SOUTH WEST ENGLAND FIELD TARGET ASSOCIATION
Hunter Class – 2017 season
(Regional Rules & Guidance Notes)
Note: if the HFT course includes firing points and / or targets that are also used by the FT course, and the shooter intends to shoot both FT and HFT, then the HFT course must be shot first.
Open to any single shot or multi shot air rifle that abides by the relevant categories as defined within the current legislation. It is the responsibility of the individual owner to ensure that their rifle complies with all current statutory limits.
Where multi-shot magazine fed rifles are used, the magazine must be removed from the rifle between lanes. Rifles that are fitted with non-detachable magazines should only be loaded with sufficient pellets to complete a lane. Failure to abide by this rule will result in disqualification.
There will be no limitation on the design of the rifle. The rifle may be fitted with a fully adjustable stock or incorporate such home-made or other after-market modifications as deemed suitable by its owner. A single rifle sling, separate or otherwise, and/or a butt hook are permitted as a means of steadying the aim.
The use of bipods, monopods or crossed sticks for supporting the rifle while taking a shot is only allowed in Open class.
SWEFTA operates three classes in HFT, the PCP class, the PISTON and the OPEN class.
2a) PCP CLASS. The PCP class is divided into two grades, A and B. Existing shooters are placed in a grade at the start of the season by the scores and grading secretary. Grading rules are detailed in a separate grading document. Shooters may elect to shoot in a higher grade.
Newcomers to SWEFTA will be placed in B grade. After they have completed three league shoots their grade will be re-assessed by the scores and grading secretary and the competition secretary, and a grade confirmed for the remainder of the season.
If the person moves from B grade to A grade at this time, their scores to date will move with them.
The use of bipods, monopods or crossed sticks for supporting the rifle while taking a shot is strictly forbidden in this class.
2b) PISTON CLASS. This class includes all piston operated air rifles, including sliding action, and contra piston systems. There are no grades in the piston class. The use of bipods, monopods or crossed sticks for supporting the rifle while taking a shot is strictly forbidden in this class.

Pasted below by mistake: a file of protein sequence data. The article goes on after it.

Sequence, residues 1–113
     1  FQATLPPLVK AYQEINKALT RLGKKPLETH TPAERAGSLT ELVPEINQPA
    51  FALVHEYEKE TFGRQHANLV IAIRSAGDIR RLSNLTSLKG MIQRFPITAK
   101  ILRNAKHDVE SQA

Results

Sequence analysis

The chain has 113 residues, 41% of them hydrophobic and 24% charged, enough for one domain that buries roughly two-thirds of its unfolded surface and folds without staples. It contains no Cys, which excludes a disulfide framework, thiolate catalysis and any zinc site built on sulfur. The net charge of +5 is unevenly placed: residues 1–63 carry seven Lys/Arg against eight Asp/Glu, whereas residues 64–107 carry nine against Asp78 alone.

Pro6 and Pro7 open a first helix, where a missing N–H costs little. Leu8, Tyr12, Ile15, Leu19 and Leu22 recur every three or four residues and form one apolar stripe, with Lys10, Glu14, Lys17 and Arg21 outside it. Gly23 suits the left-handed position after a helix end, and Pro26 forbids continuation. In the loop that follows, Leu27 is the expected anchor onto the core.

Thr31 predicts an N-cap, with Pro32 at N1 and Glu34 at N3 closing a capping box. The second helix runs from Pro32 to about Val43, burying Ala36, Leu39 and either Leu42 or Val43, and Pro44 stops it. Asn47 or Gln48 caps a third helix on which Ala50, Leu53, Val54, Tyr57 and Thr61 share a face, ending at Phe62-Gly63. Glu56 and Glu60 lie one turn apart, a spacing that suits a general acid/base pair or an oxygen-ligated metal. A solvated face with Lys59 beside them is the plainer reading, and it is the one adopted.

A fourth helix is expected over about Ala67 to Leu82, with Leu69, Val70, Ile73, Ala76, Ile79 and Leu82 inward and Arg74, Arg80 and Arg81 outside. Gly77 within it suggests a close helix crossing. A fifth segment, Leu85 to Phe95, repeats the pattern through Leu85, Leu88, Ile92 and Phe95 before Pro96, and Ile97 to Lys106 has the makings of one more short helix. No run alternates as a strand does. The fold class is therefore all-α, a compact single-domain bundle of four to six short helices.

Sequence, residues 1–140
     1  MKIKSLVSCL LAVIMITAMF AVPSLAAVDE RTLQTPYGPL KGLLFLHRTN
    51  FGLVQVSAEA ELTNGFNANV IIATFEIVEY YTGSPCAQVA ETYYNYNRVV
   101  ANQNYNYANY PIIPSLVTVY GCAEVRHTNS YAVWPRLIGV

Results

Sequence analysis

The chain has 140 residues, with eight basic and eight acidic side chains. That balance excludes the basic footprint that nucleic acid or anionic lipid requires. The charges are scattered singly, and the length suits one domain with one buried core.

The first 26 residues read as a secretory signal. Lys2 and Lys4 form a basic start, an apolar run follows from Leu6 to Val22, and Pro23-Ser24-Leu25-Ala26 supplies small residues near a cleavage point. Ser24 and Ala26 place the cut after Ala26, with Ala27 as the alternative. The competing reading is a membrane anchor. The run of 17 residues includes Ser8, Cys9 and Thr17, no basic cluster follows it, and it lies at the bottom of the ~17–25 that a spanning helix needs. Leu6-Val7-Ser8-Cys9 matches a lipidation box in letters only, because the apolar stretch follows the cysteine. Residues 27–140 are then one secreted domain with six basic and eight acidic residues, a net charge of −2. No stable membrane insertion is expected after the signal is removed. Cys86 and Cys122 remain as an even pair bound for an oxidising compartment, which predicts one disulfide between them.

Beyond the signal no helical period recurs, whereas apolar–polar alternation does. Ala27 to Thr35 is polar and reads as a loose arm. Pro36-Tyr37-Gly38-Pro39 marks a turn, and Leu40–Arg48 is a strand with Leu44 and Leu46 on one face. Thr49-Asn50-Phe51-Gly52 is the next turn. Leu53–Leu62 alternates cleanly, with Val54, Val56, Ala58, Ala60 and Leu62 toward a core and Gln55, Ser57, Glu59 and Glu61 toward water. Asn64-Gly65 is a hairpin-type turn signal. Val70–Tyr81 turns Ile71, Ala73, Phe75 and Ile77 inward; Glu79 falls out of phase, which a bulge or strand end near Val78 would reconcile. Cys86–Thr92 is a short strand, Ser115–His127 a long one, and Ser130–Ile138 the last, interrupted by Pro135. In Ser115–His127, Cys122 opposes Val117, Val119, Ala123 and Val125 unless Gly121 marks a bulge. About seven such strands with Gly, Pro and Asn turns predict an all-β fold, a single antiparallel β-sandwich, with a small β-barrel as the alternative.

2c) OPEN CLASS. This class allows the use of bipods, monopods and cross sticks as a means of support the rifle when taking any shot. In the open class, there are no compulsory standing or kneeling targets and all targets can be taken in any of the defined legal positions, viz., prone, seated, kneeling and standing. No other positions are permitted.
2d) SHOOTING MORE THAN ONE CLASS.
Shooters can enter more than one class at an event.
Scores from all classes are eligible for the club championship, but only one score can be used towards the club championship, and this will be the higher of the two scores.
3) ENTRY TIMES
From the start of the 2014 season until further notice, no league shoots will commence before
Shooters who do not have a pre-arranged partner for the event should be prepared for the
Competition Secretary or stats office on the day to allocate a partner.
Last entry into any competition will be accepted at 12.00 noon. Scorecards must be submitted back to the organisers by 3.30pm to be considered valid for the day’s competition. Any cards submitted after that time will be classed as not handed in.
4) INSURANCE AND RULES
Host club shall display a current and valid Certificate of Insurance and also a current copy of the regional rules.
Any form of sighting system may be used, however telescopic sights are restricted to a maximum of 12x magnification. A scope capable of more than 12x magnification shall be taped to restrict it to 12x.
The use of a laser attached to a telescopic sight is not permitted. The use of separate electronic laser range finders is not allowed.